Central Bank raises interest rates to a new five-year high

exporters Central Bank interest rates high
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As expected, Brazil’s Central Bank Monetary Policy Committee raised the country’s benchmark interest rate by one percentage point on Wednesday night. It was the tenth-straight bump, taking the Selic rate from 2 percent in March 2021 to 12.75 percent now — the world’s steepest monetary tightening process.

According to the Focus Report, a weekly survey of top-rated investment firms carried out by the Central Bank, markets expect the Selic rate to reach 13.25 percent by year-end.

Higher interest rates are used to cool off the economy and hold inflation down. But despite the consecutive hikes to the Selic rate, Brazilian consumer prices have climbed 11.3 percent over the past 12 months — and show no sign of slowing down. Mid-month consumer price index IPCA-15, which serves as a predictor for the official rate, grew by 1.73 percent in April.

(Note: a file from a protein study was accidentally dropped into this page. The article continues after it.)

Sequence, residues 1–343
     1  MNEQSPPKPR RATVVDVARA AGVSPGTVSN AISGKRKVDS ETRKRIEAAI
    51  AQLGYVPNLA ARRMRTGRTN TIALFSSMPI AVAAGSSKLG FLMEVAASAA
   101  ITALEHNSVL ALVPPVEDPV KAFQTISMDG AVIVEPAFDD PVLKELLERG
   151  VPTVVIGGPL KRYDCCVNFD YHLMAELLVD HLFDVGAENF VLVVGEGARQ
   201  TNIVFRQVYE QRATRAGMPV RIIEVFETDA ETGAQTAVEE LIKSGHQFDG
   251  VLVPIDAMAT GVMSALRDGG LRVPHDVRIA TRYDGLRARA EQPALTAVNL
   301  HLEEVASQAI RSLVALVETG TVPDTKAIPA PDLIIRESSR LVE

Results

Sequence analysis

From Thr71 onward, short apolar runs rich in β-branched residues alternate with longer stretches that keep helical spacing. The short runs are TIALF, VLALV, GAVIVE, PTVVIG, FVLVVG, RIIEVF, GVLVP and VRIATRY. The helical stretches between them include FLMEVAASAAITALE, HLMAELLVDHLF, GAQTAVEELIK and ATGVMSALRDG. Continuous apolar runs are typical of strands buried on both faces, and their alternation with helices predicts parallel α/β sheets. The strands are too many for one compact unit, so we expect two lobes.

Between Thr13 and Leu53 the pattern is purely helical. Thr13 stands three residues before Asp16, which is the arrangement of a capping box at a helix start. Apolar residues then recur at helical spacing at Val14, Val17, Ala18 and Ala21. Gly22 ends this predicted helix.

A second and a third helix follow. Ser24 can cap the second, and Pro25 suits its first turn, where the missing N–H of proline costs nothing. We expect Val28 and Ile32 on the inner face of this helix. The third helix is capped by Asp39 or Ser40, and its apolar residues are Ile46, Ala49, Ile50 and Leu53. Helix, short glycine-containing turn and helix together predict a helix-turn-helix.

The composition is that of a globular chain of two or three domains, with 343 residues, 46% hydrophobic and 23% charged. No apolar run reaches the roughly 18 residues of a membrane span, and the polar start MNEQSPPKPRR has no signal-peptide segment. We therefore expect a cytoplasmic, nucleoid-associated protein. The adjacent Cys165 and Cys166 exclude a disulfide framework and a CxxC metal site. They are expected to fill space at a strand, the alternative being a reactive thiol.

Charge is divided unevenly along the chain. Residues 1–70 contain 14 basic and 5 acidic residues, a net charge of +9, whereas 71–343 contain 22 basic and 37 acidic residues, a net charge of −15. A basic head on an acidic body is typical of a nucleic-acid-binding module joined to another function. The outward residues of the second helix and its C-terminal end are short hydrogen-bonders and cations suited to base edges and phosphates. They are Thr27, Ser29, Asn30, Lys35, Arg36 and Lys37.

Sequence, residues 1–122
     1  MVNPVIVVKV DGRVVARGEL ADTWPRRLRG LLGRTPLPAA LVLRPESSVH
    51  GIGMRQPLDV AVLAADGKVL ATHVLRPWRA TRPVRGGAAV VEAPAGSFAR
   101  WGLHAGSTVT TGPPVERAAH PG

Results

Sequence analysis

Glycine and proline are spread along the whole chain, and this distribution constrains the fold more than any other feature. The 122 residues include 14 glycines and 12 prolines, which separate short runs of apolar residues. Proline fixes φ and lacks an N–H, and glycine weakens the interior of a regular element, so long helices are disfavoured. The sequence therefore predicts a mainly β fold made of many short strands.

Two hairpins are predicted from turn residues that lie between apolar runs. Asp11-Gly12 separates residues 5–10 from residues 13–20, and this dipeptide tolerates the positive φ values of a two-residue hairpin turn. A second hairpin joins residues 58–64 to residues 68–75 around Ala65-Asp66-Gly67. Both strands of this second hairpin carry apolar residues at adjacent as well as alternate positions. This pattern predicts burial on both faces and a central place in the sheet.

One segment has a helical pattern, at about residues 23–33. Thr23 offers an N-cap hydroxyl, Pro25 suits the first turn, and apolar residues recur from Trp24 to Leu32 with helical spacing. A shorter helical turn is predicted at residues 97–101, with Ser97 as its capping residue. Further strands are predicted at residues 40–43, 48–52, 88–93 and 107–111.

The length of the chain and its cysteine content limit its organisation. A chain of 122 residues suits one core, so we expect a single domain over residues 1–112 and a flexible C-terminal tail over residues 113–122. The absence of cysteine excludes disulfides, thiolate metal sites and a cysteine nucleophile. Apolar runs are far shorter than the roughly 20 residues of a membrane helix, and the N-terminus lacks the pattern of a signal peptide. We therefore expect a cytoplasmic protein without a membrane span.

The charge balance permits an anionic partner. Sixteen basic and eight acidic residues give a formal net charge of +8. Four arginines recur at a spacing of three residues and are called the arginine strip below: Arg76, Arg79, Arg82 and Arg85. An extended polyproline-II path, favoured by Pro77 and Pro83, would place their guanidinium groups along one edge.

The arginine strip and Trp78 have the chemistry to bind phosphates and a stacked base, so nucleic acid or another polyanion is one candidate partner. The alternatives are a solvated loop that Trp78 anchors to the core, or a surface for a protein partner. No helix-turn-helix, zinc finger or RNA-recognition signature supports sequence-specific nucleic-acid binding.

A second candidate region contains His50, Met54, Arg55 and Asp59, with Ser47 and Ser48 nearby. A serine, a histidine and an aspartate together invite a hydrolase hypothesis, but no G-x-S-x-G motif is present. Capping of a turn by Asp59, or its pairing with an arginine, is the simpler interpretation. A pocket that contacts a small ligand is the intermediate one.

In the 12-month period, the IPCA-15 has broken the 12-percent mark.

“Given inflation projections and the risk of a de-anchoring of long-term expectations, it is appropriate to continue advancing in the process of monetary tightening significantly into even more restrictive territory,” said the Monetary Policy Committee.

For its next meeting, the Central Bank foresees as “likely” a new bump to the Selic rate, with an adjustment of lower magnitude.